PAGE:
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PostPosted: Mon Jul 12, 2010 7:57 pm 
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Joined: Mon Jul 12, 2010 6:37 pm
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I purchased 2 bur oak trees a year and a half ago, they were 4 to 5 inch (caliper). After recently reading in this forum about trees being buried to deep i have been trying to carefuly expose the root flare. the problem is that i thought i found the flare but after further reading i think i may only be seeing false roots. How do i know when i find the flare. These trees were purchased from a local tree farm but it appears that their original root ball was wrapped in some sort of thick felt that has caused some of the roots to circle. Not sure what to do about this. when the trees were planted by the tree farm they also left on the burlap and the wire cage around the burlap i know now that is not good either. can i fix these problems? i think i have attached a picture of one of the roots.


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PostPosted: Mon Jul 12, 2010 8:11 pm 
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Joined: Mon Jul 12, 2010 6:37 pm
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Lets try to post the picture again.


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PostPosted: Tue Aug 03, 2010 2:20 pm 
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Joined: Wed Jul 28, 2010 3:20 pm
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I'm not sure if the advice I received from a retired County Agent out of A&M would be of help. I wrote about 'strangled/girdling root flare' (posted on this forum with pictures) and this is what he replied: "Wait until fall-1st of October and cut 1 or 2 of the roots girdling the trunk. I also might go the edge of the original root ball and dig with a post hole digger down at the edge of the root ball, cutting the root ball and encouraging roots to spread from there. Go down as deep as the original root ball. Again in spring do the opposite side." Maybe you could cut through the burlap in this same way. Just a thought.


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PostPosted: Sun Oct 24, 2010 8:49 pm 
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Joined: Sun Jun 20, 2004 9:12 am
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Location: Dallas, Texas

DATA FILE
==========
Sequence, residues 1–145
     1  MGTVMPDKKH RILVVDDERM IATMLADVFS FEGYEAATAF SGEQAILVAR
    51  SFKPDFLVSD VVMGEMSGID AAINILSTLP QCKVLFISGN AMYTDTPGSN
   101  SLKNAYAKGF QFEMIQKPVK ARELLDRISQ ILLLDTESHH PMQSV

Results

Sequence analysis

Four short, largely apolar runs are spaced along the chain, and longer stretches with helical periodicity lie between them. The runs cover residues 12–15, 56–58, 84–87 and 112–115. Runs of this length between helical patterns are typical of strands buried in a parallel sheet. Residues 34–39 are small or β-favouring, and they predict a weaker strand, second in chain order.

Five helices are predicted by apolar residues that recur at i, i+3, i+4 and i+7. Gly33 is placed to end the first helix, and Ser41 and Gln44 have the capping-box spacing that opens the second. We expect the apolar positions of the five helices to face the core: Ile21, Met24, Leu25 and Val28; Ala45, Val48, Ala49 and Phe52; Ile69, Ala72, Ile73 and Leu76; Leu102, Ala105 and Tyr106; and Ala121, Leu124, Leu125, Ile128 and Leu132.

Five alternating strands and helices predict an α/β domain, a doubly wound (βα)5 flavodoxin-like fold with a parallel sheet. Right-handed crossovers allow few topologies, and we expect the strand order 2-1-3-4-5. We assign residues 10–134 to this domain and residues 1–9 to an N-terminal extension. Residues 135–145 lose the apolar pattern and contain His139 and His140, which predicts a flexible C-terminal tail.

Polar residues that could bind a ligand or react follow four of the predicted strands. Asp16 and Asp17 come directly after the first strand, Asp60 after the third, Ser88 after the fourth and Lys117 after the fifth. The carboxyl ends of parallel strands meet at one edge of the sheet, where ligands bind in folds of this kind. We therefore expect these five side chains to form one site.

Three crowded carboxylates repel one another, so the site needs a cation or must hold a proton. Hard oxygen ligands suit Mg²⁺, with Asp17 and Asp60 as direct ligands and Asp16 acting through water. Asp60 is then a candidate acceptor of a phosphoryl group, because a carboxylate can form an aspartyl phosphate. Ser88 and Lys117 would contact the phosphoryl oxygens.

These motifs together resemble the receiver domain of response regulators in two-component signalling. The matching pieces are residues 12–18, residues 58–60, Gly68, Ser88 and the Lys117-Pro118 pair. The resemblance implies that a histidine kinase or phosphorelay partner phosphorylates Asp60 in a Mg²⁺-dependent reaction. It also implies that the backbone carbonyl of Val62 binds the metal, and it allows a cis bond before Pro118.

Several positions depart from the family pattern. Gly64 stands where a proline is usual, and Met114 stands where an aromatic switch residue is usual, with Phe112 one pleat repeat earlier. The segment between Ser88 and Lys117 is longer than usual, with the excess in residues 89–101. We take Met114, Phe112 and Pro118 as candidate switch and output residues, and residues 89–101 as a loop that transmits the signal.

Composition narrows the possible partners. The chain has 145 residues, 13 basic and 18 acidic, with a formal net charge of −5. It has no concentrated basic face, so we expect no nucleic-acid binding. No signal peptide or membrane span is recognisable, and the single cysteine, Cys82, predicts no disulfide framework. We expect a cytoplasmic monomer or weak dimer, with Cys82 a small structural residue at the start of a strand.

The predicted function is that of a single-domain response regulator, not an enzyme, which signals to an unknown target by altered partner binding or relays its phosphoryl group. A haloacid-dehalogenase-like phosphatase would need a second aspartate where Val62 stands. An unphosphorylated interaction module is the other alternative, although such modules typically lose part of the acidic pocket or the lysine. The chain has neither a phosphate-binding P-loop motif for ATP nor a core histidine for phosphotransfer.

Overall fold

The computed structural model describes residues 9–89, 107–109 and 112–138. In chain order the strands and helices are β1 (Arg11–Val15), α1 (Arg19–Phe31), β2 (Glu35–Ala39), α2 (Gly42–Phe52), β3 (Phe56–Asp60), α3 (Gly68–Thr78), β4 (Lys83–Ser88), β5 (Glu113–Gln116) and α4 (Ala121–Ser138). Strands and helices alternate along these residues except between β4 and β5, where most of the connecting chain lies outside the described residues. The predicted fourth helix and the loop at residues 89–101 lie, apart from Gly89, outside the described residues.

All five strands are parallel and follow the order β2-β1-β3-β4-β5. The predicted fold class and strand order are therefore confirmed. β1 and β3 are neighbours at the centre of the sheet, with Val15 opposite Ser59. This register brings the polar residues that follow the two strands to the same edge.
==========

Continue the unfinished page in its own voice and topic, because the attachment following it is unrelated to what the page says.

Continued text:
I think you are right. It seems shameful that burlap still is planted with trees these days. It just doesn't make any sense to me. Your tree photo definitely indicates a tree planted too deep....I cannot see the root flair in the photo. Once you uncover it you will know it. The buttress should be more and the roots larger beneath the flair. On my bur oak, I removed 2 of the 4 roots that were growing perpendicular to the trunk after uncovering them. (advantitious roots). So far they don't seem to be causing any problems. The good news is 1. your bur oak will love you for excavating the flair and will reward you the next season with more vigorous growth. Mine was uncovered 3 years ago, and has improved every year since. The leaves are a darker more natural looking green. The leaves are larger. And the tree overall is much more dense with leaves. The flair has expanded. The branches have spread more. This year the tree produced 100 acorns until the squirrels got to them. Last year there were 25. The first year, less than 10. After you find and expose the flair, leave it alone. Some people build a wall around the resulting ditch, to keep it from filling back it. Some fill it with stones. I left mine as is. I hand trim the grass that has filled in, but thats about it. Also, I've read university research that explained that circling roots (roots circling under ground around the root ball) are not as big a problem for oaks, as they are for maples. This is because oak roots underground usually graft, or fuse together. Whereas maple roots will not do this, creating more of a 'choking' effect to the other roots in the rootball. I also have a lacey oak that looks like it's entire pathetic rootball has cricling roots around it. The lacey is only 5 feet tall, and has been in the ground a year. But I planted it high, and if the circling roots ever become a problem by girdling the tree, then I can easily remove them. Right now, I am leaving the circling roots in tact because they are by far the largest roots on the tree. Good luck.


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